Facilis descensus Averni,
Sed revocare gradum superasque evadere ad auras,

Hoc opus, hic labor est. In climbing this steep acclivity, which was covered to some depth with a coating of fine sand and yielding cinders, we could scarcely make good a single pace in five; the ashes constantly gave way under our feet, and we often retrograded two steps instead of advancing one; if by accident we met with a stone which showed its head above the sand, we found by experience that we could not trust our weight upon it, without risk of being rolled down again like the stone of Sisyphus to the bottom of the ascent, and having our Herculean task to commence afresh: at times we strove to help ourselves with our hands, but these not only served to loosen more effectually the light ashes, but it also filled our eyes, mouths, ears, and nostrils with the subtle dust, which rolled down in suffocating clouds on the rearmost of the party. Every third minute we were obliged to turn round and throw ourselves on our backs to repose, or, almost fainting, to apply our parched lips to a flask of brandy which we fortunately had with us, and which we may thank for having accomplished our task, at least for that night. At each halt we cast our anxious eye down to observe our progress, and cheerless indeed was the prospect of the valley below, which at every step seemed obstinately to preserve the same distance. I have ascended many of the steepest mountains of Europe, but I never underwent a fatigue so sharp and painful as the present : suffice it to say, that it was half-past six when we left the plain, and that we did not regain the brow of the hill until a quarter after ten. We found our attendants, who were with the mules, in astonishment at our protracted stay, and although we made the best of our road, it was one o'clock before we reached Lingua Grossa, where a good supper and a few glasses of excellent Ætna wine soon recruited our exhausted spirits.

We breakfasted next day at Castiglione, a town built on the rocky summit of an Ætnæan hill. Three miles from this place is Francavilla, beautifully situated on the side of a steep ascent, from whence there is a fine view of the plains at the foot of the mountain. In the neighbourhood of Francavilla is the river of the same name, one of the principal streams which supply the Alcantara ; on its banks, and in the adjacent country, flourish a number of very fine plane trees. We left Motta Camastra, a village on the summit of a hill, which appeared almost inaccessible to our right, and passed on to Auricella, or, as it is commonly called, Rocella, situated also, like most other places in the vicinity, on the top of a lofty mountain.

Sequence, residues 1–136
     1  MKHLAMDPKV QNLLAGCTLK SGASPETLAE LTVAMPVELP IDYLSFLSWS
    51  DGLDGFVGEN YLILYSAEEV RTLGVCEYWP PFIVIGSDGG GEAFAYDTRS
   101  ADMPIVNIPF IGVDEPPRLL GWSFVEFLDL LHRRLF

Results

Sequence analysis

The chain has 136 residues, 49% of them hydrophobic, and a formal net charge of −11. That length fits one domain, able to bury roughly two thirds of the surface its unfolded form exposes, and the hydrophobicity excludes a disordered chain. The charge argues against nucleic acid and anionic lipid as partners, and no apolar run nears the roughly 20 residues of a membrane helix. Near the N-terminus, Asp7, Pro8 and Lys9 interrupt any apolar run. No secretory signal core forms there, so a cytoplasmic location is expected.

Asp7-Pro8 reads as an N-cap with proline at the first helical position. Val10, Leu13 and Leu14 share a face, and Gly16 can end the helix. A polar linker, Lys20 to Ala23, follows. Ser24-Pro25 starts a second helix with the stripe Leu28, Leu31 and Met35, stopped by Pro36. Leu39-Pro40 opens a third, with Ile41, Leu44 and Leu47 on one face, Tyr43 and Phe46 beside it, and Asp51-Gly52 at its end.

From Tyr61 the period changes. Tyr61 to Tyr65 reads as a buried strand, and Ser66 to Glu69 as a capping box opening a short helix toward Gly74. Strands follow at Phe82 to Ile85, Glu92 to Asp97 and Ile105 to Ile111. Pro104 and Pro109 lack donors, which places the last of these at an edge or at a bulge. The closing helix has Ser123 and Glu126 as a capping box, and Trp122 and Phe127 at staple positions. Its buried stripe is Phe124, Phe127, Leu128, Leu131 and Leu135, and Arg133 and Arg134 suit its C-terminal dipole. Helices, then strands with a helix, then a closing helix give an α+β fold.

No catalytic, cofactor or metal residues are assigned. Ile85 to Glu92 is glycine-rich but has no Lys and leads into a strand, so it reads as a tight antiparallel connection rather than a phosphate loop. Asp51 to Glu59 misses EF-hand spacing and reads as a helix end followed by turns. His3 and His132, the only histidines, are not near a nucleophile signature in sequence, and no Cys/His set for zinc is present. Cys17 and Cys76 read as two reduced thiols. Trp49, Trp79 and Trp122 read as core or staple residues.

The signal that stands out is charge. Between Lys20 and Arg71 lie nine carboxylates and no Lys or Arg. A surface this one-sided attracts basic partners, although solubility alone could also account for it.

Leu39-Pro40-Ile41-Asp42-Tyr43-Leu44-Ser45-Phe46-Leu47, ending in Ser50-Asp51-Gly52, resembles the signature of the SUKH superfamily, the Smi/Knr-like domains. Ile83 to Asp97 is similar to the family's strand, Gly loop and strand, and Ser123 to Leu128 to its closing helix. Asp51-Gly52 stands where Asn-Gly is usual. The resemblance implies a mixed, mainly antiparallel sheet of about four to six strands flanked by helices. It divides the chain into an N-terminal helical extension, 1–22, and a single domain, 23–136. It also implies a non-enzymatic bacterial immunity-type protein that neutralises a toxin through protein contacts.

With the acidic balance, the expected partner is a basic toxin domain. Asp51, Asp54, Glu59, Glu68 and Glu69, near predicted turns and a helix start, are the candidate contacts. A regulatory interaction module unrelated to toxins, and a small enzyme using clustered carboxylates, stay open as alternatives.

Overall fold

When we arrived at Randazzo, we inquired for the inn, and were shown to a wretched fandaco, the door of which was open, but on alighting from our horses we did not find it so easy to effect an entrance; a goat, of a most venerable aspect, with a beard that swept the ground, and seemed to speak him the father of many generations, presented his formidable horns, and kept us at bay, nor would he relinquish his position until in our impatience we violated the sanctity of his person by the application of some smart strokes of the whip; having forced an entrance vi et armis, an old woman conducted us to certain miserable chambers, each furnished with a bedstead, on which lay what had, from the inequalities of its surface, more the appearance of a sack stuffed with pebbles than a mattrass, the duties of which it was destined to fulfil. On our consulting our host, who now came in, concerning our supper, he assured us we should want for nothing, but should have all the place afforded: but what was that ? Was there any fish ?- None at present, but there would be some to-morrow ; could we have a beef-steak ?—No; beef was rarely killed at Randazzo. A pork chop ?-He was afraid not; was there castrato or moutone ? both of which signify mutton; he paused for a moment, and then said, that with a joint of mutton he believed he could furnish us, and that it should be on the table in about two

his was good news, and we got ready for supper. Our host kept his word, soon after the appointed time a huge quarter of mutton smoked upon our board; but ye immortal gods! what mutton! the body of Cycnus was not more impervious to the lance of Achilles, than this invulnerable joint to our